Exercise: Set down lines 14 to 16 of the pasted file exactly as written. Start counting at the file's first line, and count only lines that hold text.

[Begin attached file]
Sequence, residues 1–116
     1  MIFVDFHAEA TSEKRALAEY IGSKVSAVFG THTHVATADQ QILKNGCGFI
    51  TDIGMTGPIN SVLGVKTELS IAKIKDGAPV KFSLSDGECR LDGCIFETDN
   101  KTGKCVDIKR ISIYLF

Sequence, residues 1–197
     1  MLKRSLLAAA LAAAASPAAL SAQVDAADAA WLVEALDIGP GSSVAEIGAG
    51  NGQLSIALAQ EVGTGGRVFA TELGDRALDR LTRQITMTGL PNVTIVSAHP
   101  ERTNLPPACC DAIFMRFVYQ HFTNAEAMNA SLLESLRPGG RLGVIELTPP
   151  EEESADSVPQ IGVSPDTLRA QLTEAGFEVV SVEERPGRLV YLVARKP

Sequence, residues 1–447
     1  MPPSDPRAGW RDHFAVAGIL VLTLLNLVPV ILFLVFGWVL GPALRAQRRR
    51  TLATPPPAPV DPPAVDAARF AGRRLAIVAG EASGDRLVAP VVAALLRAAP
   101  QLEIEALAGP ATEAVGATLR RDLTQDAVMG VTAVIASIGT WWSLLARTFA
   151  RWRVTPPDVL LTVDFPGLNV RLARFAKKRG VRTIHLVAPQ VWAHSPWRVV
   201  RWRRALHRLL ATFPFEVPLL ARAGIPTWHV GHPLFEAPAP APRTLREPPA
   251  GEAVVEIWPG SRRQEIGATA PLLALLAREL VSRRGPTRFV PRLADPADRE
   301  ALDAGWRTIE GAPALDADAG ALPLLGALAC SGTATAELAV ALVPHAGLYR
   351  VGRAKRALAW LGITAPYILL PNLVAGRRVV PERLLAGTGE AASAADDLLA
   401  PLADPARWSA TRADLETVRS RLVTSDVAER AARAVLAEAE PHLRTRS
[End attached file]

   151  RWRVTPPDVL LTVDFPGLNV RLARFAKKRG VRTIHLVAPQ VWAHSPWRVV
   201  RWRRALHRLL ATFPFEVPLL ARAGIPTWHV GHPLFEAPAP APRTLREPPA
   251  GEAVVEIWPG SRRQEIGATA PLLALLAREL VSRRGPTRFV PRLADPADRE